Nearly half of Canadian parents are concerned about the amount of time their children spend in front of a screen, according to a new Angus Reid study.
While 89 percent believe devices can be an educational tool, 46 percent are concerned, the report said.
Eighty-seven percent of Canadian parents who have children between the ages of two and 12 indicated that their child spends at least one hour a day using a device, the report said.
Parents also reported that student performance in areas relating to physical fitness, mental health, sociability and academic performance decrease when there is extended time spent on devices. In the case of reading ability, the report said that 68 percent of parents say their child does well when they spend less than one hour a day in front of a screen.
The report also noted that gender plays a role in the type of screen activity. For example, 35 percent of boys are more likely to use their devices for non-educational purposes, compared to 20 percent of girls. However, on the flip side, girls, specifically pre-teen girls, are more likely to use their devices for social interactions and communications.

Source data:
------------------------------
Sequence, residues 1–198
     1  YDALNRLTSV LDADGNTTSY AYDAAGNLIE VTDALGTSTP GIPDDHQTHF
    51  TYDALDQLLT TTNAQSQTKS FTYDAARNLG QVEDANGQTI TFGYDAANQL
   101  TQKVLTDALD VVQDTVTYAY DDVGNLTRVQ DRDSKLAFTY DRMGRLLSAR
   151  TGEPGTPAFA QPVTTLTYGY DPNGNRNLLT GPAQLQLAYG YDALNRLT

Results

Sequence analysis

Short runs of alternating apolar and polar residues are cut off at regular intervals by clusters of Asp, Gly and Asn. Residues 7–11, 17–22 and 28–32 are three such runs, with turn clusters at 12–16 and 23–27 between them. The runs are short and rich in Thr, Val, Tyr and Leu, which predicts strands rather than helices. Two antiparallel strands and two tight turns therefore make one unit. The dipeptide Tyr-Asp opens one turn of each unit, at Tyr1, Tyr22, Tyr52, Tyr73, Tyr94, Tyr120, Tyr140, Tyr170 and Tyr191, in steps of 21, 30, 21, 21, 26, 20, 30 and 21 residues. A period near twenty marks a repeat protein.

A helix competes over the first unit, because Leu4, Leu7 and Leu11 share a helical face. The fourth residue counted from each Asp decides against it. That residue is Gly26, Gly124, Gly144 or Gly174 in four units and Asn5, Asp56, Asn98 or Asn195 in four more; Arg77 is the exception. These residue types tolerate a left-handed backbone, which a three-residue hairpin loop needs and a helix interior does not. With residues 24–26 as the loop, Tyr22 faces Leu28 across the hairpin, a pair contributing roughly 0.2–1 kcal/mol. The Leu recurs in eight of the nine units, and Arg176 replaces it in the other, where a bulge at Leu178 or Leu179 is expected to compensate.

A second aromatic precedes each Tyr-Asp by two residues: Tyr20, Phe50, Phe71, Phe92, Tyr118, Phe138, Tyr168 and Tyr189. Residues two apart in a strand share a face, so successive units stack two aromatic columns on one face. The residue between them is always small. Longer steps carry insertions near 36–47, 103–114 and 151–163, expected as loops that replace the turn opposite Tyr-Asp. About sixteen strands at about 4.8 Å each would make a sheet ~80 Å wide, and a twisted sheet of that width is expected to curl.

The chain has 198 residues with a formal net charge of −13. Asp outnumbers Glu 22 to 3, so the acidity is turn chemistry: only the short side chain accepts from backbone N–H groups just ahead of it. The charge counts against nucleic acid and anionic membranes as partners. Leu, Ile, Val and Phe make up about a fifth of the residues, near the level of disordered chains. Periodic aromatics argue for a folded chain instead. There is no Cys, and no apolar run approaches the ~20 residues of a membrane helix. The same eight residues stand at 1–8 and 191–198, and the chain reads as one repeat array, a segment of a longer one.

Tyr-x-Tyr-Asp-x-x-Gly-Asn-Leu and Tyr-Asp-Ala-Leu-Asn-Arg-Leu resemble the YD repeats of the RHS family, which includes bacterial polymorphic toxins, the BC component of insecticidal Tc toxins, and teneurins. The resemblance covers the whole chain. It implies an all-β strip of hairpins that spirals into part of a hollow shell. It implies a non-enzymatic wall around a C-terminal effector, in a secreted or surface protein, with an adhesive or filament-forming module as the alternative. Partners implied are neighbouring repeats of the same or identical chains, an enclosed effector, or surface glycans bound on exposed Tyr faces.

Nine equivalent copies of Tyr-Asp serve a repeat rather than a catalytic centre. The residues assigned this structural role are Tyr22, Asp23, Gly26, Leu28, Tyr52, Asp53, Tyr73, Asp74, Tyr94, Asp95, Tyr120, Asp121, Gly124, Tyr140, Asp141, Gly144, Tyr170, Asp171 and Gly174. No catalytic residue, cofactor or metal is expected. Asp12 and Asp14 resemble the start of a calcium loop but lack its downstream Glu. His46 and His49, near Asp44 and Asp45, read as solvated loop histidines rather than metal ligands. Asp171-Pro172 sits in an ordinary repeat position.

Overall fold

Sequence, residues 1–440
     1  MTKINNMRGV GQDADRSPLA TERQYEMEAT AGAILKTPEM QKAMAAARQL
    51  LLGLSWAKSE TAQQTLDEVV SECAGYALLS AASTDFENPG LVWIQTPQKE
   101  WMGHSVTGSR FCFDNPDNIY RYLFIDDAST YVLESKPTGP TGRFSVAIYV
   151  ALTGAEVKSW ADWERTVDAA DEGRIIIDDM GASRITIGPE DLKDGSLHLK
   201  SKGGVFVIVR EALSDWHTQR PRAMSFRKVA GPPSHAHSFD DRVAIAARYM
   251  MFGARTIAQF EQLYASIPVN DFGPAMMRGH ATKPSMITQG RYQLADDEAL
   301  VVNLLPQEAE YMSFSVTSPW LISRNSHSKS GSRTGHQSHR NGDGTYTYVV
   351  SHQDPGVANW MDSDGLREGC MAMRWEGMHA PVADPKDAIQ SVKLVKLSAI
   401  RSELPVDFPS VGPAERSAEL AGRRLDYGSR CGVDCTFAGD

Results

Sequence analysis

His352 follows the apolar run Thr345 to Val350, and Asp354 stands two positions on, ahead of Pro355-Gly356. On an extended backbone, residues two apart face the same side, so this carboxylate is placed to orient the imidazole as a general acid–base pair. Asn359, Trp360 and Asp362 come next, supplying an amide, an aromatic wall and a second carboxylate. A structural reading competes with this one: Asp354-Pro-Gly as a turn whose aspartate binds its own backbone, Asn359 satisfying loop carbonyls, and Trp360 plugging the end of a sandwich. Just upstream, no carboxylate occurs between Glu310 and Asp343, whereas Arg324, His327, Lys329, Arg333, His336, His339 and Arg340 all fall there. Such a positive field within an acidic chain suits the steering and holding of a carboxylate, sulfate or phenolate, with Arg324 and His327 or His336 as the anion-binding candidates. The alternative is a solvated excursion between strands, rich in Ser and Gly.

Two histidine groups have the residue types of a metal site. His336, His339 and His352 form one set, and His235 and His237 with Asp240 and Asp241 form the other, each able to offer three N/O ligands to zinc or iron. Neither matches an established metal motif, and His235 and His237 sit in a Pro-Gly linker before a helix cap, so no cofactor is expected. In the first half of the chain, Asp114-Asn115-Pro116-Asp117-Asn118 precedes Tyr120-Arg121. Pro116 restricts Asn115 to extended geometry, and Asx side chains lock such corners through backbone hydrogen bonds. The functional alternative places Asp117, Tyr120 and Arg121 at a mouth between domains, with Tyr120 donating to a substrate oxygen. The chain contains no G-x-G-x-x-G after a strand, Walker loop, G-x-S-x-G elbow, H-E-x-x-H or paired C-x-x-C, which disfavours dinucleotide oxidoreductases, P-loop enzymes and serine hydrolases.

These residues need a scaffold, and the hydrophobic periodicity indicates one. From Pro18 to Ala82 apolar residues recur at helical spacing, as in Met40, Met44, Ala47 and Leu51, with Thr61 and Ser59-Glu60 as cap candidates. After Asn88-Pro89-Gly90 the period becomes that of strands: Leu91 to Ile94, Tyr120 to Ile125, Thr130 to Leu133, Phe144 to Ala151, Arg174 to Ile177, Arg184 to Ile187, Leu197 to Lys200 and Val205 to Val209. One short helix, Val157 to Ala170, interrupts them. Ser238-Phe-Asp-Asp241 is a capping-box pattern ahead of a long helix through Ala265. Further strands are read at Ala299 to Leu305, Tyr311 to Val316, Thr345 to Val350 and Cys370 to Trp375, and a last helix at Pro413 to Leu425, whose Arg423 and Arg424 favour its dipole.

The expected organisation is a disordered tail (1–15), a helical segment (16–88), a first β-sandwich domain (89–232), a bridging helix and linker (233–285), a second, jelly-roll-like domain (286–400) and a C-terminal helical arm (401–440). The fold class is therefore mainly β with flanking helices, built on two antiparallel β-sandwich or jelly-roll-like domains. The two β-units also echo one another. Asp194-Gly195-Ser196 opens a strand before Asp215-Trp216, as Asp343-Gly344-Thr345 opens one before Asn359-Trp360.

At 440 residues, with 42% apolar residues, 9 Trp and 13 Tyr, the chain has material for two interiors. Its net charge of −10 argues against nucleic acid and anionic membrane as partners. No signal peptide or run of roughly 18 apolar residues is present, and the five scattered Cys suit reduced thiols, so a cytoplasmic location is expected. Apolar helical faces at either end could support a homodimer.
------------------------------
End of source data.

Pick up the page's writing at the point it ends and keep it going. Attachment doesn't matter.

To ensure children aren’t spending too much time on devices, 63 percent of parents say they regularly monitor what their child is watching and 60 percent of parents talk to their child about being careful online, the report said.
Angus Reid conducted an online survey from March 15th to 17th, 2019 and received information from 2,200 random Canadian adults that have at least one child between the ages of two and 12, the report said.
The online survey asked parents with more than one child, to only focus on one child for the purpose of the survey, it added.
The report noted that it had a margin of error of plus or minus 2.1 percentage points, 19 out of 20.
Source: Angus Reid